Follis, Luca (2013) Resisting the Camp:Civil Death and the Practice of Sovereignty in New York State. Law, Culture and the Humanities, 9 (1). pp. 91-113. ISSN 1743-8721Full text not available from this repository.
This article is an empirical engagement of Giorgio Agamben’s “spatial theory of power.” It explores, through the case-study of civil death in New York, the continuum of exclusion that is capped on one end by homo sacer and the sovereign on the other. I argue that civil death has had a long-running history in America, intimately connected to the expression of sovereign power and its deployment in the penal sphere. I show that despite the longue durée of this disability, and its efficacy as a tool of political and social marginalization, this practice has proved highly unstable for sovereignty and has generated significant resistance in the courts, civil society and prisons themselves. The contested status of civil death, I contend, underscores the dynamic character of resistance to sovereign power and its role in framing the conditions under which state authority can be articulated and maintained.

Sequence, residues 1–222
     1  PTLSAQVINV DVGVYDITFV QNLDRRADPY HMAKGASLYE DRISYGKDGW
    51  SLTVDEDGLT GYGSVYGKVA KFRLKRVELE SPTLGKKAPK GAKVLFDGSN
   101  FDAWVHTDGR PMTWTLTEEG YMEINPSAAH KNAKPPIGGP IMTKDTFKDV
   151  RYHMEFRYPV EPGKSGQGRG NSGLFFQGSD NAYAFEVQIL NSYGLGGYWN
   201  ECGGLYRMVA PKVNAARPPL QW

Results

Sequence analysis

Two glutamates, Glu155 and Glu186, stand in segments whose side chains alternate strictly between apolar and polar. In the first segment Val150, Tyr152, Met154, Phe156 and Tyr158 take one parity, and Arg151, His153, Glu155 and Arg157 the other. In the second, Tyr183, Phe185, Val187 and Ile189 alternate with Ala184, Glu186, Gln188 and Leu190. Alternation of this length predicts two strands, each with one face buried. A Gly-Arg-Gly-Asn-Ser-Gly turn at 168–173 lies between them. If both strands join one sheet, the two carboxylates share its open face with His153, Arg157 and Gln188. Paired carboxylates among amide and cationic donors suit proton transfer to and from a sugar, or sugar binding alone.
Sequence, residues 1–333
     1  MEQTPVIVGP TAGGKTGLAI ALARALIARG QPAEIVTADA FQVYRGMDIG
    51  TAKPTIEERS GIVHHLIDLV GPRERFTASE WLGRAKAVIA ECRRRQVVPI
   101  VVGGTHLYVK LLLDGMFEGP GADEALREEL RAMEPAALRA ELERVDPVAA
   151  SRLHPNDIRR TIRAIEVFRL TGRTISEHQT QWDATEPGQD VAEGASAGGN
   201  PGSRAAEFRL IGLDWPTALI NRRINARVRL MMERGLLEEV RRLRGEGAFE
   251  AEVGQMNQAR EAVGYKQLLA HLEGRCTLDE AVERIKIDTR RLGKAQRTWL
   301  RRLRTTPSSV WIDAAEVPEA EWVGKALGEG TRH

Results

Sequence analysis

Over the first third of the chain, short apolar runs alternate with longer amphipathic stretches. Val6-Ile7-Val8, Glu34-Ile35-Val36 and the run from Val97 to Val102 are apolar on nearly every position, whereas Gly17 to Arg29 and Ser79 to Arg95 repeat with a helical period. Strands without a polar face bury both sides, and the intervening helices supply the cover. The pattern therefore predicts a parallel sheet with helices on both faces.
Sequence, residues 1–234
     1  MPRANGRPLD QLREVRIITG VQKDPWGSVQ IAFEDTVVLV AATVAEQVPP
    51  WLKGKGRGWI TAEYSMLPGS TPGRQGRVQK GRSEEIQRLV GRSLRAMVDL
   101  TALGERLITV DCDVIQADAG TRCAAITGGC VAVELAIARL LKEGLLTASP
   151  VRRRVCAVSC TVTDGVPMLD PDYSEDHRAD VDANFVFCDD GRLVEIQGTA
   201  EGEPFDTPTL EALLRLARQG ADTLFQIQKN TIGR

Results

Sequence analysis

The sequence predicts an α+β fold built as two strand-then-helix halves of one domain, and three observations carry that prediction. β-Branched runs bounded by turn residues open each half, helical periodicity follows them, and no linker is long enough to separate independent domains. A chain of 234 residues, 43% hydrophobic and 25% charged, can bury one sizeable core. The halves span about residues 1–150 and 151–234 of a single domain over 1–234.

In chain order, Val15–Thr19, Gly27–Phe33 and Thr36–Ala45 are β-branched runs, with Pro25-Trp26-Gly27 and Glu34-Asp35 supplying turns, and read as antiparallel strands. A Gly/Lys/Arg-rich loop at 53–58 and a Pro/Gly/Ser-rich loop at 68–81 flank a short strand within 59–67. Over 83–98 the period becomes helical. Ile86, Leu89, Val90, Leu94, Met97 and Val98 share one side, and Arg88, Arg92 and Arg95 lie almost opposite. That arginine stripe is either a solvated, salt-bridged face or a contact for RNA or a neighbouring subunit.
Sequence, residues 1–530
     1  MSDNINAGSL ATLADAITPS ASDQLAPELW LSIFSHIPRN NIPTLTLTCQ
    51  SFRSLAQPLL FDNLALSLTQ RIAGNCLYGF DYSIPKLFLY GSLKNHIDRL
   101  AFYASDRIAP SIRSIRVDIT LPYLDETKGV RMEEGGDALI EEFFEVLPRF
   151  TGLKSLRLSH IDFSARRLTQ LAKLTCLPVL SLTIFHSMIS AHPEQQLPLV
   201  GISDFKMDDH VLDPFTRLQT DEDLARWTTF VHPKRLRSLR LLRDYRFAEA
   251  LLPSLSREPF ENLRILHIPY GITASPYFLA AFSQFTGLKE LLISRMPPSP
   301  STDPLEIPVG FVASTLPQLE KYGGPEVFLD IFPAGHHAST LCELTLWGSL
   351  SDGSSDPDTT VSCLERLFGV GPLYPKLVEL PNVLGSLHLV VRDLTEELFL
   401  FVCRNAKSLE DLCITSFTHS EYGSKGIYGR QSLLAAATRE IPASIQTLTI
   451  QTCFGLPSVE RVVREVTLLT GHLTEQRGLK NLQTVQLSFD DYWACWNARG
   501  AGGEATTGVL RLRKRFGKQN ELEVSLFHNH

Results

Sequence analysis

|Journal or Publication Title:||Law, Culture and the Humanities|
|Uncontrolled Keywords:||Giorgio Agamben ; sovereign power ; prisoner rights ; civil death ; exclusion|
|Subjects:||H Social Sciences > H Social Sciences (General)|
|Departments:||Faculty of Arts & Social Sciences > Applied Social Science|
|Deposited On:||19 Jun 2012 14:32|
|Last Modified:||28 Jan 2013 21:01|
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